Arrogance of IgnoranceSteven Lieberman
For quite some time now I have been studying Stoicism. Well… Classical Stoicism as compared to Modern Stoicism. While Modern Stoicism definitely takes many of its evolving tenants from Classical Stoicism, pontificators of the modern version tend to orient their version towards a specific objective.
Take Robert Greene who has written a modern-day version of Machiavelli’s The Prince called The 48 Laws of Power. A few Modern Stoics have championed it as a guide towards understanding leveraged relationships between people and how Modern Stoicism can provide key behavioral components to achieve that leverage.
I don’t want to belittle the book….it is actually quite good, and I highly recommend it. I do not, however, subscribe to the fact that it is an example of Modern Stoicism in practice. Instead, I would suggest that it shows examples of how self-restraint aided practitioners throughout history in outmaneuvering their enemies.
If anything, it would be more apt to call Modern Stoicism a form of Modern Hedonism since individual maximization of pleasure is the ultimate driving animus to these books, seminars, and Facebook memes that proselytize Modern Stoicism.
Classical Stoicism is a little different in that the driving motivation is simple mastery of the “self”. Marcus Aurelius (probably the most famous Stoic), writing in Meditations, really focuses his energies on mastery of the self for the ultimate purpose of just that… self-mastery.
George Washington actually defined freedom as essentially a transcendence from the passions and needs of the human condition… very Classically Stoic of him.
My own study of Stoicism has been just that: a study in the controlling of my emotions, a realization that the world around me, and people in general, are beyond my direct control. Their joy, their rage, their insecurities… these are things I cannot possibly understand, and attempting to do so is utterly futile. The only thing I can ultimately control is how I respond to them. Or, more precisely, how I allow their words or actions to affect me.
So with that… let me tell you where I have utterly failed to practice what I preach:
Dealing with the arrogant.
The other day we ran a CCW class. We had a renewal student come in and generally express a poor attitude towards the whole process. He has had a CCW for a number of years and, candidly, I rarely see him except for his every-two-year renewal class. My mantra of “train constantly, consistently, repetitively, and with purpose” has been utterly lost on him.
He was irate that he had to go through the class, incensed that we made him participate in the dry-fire practice portion in the classroom, and enraged that he had to waste valuable ammo going to the range and shooting his guns.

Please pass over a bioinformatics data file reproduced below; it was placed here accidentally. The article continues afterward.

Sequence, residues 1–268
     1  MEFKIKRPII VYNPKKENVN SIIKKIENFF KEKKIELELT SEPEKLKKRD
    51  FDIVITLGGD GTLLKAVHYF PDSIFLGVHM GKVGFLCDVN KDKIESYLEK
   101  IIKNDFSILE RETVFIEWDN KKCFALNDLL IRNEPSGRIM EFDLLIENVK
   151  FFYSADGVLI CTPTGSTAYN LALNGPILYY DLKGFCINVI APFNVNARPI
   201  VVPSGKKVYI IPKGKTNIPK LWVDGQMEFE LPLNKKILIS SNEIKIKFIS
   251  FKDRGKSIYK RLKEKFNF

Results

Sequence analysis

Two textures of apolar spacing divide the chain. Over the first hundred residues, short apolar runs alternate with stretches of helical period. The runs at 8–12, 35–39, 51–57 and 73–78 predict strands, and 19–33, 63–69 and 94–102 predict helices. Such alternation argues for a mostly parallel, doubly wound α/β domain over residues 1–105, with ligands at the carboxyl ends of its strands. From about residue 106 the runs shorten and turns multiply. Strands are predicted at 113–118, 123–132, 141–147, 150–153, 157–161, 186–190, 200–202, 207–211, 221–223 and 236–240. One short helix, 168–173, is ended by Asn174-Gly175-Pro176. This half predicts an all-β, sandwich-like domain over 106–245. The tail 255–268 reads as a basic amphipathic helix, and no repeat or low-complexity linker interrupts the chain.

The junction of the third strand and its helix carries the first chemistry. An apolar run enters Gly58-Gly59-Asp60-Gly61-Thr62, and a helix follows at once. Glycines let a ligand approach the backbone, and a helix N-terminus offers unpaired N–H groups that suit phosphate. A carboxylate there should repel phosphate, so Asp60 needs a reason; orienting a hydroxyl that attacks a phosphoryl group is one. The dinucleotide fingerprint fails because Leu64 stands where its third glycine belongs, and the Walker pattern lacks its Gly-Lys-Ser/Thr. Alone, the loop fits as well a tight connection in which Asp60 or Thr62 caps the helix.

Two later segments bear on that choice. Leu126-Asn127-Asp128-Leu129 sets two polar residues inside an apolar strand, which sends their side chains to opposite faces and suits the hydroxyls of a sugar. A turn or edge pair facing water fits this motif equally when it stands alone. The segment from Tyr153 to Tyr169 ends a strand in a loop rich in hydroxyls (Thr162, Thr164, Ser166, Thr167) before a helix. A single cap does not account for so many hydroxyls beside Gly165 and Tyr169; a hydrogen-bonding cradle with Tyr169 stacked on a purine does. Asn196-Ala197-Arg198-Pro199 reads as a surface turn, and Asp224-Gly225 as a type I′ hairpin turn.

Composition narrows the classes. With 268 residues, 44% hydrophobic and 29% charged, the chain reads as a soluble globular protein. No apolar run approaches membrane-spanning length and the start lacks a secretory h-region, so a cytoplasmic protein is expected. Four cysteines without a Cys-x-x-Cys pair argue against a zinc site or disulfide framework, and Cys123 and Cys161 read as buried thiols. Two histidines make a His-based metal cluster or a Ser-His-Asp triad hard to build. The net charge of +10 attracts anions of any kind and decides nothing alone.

I almost lost my shit.
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There does seem to be an established inverse relationship to this whole training gig. The people who have truly achieved a high level of proficiency are completely willing, if not enthusiastic, to soak up any opportunity to practice their skills, especially in front of an instructor.
Those who would require years of training to remove bad habits and work their way up to rank amateur seem to have an ego that precludes any desire to improve on their skills.
Guys and Gals… We are talking about [email protected]#@ing guns here!!!
This is not a minor annoyance on having to fill out yet another form, or go to the DMV to renew your driver’s license. This is about having the basic modicum of safety necessary to carry a gun in public. Literally, people… there are lives on the line here!
The other one is the clients who simply think laws do not apply to them, and are amused in a patronizing way when you bring up that their conduct could land them in jail.
We had a private-party transfer take place between a wife and her husband. She had bought a gun from another dealer when he realized that his driver’s license had expired. Now that he had his new license, he wanted the gun transferred to him so it could be in his name.
I explained that materially it was not necessary to go through with the transaction… since he still had an equitable interest in the firearm, and if he ultimately wanted to get a CCW he could still put it on his permit even though it was his “wife’s” gun. He waved me off and said he wanted it in his name… not hers.
I then pulled out my A&D book to log in the firearm. I asked him where the gun was, expecting him to reach into his backpack and pull out the plastic Glock case that these weapons come in. Instead, he lifted up his shirt and pulled the loaded gun out of a Belly Band holster.
“Wait… you have a CCW already?”
“No… I want to get one though.”
“But… but… you drove here with a loaded gun in that holster?”
“That is illegal… you can’t do that!”
“Yeah, don’t worry about it… just do the DROS… I know a lot of cops… I’ll be fine.”
“You… what?… you know a lot of cops… what the hell does that mean? When you get arrested, you’ll get better food? You just engaged in three separate misdemeanors… under the gravamen of the same crime these become wobblers and can now be prosecuted as felonies… this is not a “I know a lot of cops” problem… this is you better know a lot of criminals because you are going to need that network to protect you while you do your three-year prison sentence!”
Folks… as Arthur Schlesinger Jr. articulated so well: “Unilateralism breeds the arrogance of ignorance, and ignorance breeds bad policy.”
To paraphrase him for more modern ears: If you are so arrogant that you think the angels smile down upon you and you alone, you are going to begin to think you are special. You are not. But when you do think that you are special, you are going to do incredibly stupid things.
Folks never forget the little discussed, and rarely printed, 5th Rule of Firearm Safety: DON’T BE STUPID!